The last two years have been very good for Boeing. What is your forecast for the next couple of years in light of the current volatility?

It is a highly volatile market. But we see the aviation market doubling in the next 20 years. So it is going to grow faster than 3.5% for example.

There are 20,000 jet aircraft flying today. That number will be more than 40,000 in the future. Today, 3.7 billion people travel by air. In 20 years that number will be in excess of 7.5 billion.

There is a great opportunity for us as we move forward, but we have to make sure that we grow in a sustainable way so we can capture that opportunity moving forward.

Where are the biggest opportunities? Recently Boeing reached an important deal with Iran.

It is still about opportunities in emerging and developing economies, like China, India, South East Asia. In the longer term, it is going to be the Middle East and Latin America.

That is where the great growth will be. If you look at markets like the US or Europe, most of the airplanes delivered will be for replacement.

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To what extent does the political context affect your dealings with Iran?

I have to put the politics behind me. What we are doing at Boeing is taking the lead of our government. We are going to follow it in terms of what we can and cannot do.

From a market perspective, you have hundreds of airplanes flying in Iran every day. But they fly only a few hours per day. So there is an opportunity for that system to become much more efficient and to serve the market with fewer airplanes.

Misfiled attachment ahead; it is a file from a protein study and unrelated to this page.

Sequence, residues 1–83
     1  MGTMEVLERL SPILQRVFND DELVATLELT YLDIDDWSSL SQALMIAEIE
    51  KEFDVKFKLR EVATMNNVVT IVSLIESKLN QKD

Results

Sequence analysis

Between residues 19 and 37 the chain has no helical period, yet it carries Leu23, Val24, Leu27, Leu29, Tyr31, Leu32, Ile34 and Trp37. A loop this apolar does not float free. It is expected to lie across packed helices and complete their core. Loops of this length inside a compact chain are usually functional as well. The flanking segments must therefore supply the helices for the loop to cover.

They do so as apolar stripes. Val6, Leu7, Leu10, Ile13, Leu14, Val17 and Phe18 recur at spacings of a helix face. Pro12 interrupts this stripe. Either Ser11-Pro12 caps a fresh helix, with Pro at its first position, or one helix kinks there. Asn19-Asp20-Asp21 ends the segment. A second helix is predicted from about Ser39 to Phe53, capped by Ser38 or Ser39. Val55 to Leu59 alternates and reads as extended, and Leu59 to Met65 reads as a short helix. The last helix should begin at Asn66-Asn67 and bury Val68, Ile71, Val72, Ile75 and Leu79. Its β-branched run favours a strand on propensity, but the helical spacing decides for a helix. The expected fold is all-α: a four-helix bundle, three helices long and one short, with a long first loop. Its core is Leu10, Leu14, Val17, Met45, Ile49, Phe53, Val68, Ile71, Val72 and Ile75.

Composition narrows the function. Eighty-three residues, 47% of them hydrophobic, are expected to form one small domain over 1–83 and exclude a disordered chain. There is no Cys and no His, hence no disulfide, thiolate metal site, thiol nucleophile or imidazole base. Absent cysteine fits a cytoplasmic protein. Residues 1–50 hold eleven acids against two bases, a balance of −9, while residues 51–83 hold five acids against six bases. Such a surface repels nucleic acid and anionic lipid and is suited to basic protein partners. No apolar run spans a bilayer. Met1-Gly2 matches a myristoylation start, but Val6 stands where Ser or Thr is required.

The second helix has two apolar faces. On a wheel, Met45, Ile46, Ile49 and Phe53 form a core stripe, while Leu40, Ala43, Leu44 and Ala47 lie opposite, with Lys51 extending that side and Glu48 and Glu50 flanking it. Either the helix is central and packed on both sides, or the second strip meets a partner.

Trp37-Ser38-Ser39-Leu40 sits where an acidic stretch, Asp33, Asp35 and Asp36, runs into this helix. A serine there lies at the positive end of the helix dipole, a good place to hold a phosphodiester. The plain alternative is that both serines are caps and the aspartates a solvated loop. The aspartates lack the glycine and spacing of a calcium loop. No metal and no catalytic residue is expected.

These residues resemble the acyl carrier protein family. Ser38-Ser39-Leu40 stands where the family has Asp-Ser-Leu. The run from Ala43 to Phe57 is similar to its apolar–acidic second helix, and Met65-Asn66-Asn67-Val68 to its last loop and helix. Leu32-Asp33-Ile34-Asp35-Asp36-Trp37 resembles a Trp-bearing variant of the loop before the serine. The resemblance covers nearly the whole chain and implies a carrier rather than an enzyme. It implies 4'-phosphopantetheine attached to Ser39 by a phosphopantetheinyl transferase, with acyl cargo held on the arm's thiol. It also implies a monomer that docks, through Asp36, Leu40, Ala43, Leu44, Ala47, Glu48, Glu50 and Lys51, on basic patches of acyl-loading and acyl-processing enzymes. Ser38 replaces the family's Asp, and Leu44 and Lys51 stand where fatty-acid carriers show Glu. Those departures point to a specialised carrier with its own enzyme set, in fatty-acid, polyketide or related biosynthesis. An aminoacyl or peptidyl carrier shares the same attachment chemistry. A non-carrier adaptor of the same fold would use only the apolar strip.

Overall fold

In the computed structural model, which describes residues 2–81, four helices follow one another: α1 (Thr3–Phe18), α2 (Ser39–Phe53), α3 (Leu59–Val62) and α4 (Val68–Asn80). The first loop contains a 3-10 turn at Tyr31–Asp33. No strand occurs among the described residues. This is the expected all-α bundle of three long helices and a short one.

That is a good thing. Iran is also a large economy with a growing middle class. It is a young population eager to fly. So there is an opportunity for us and others in the future.

What about Europe? Is it still attractive, despite the political turbulence and the low growth?

Economic growth will not be what we are seeing in the US or in Asia, but it should be consistent. Besides, people in Europe do travel even if economic growth is still low. We continue to see 5% growth in traffic, which is good for our industry.

You said that there should be improvements when it comes to air traffic management. Was that a veiled criticism against the EU’s failed attempts with its Single Sky proposal?

It is a criticism on how Europe manages its air traffic system, but it could be the US.

Tomorrow, if we have a new air management system, any airplane could fly being 10% more fuel efficient. That is important. The technology is there, the investment can be made, but unfortunately the investment has not been made.

Is this also due to a lack of political will to progress on Single Sky?

Yes. Well, I understand it. It is a challenge. But if we have a common EU, we would like to see a common air traffic management system over the European skies.

How would Brexit affect this goal?

Whether the UK is part of the EU or not, I don’t think it changes the fundamental political situation.

But the dispute over Gibraltar was the bone of contention…

I an not an expert to that level, but I think that was one of many different discussions they have between the EU countries.

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What is the biggest challenge for Boeing in the next five years?

It is going to be about delivering airplanes, and making sure development programs progress well.

Frankly, we are going to have challenges around costs, as we will have to become more competitive. When we look at the global market, we have to ask ourselves ultimately how we are going to grow in a sustainable way.

Since aviation is such a global industry, are you concerned about a potential President Trump?

Aviation is a global industry. What it means is that we need global solutions. That is why working through organisations like ICAO [a UN body] makes sense to us. That is the path we have to continue on.

Would Donald Trump be the kind of leader that looks for global solutions?

I am not going to make an answer on political candidates. But again, it is really about global solutions as we move forward, because the last time I saw aviation goes beyond borders, so we have to make sure that we recognise that.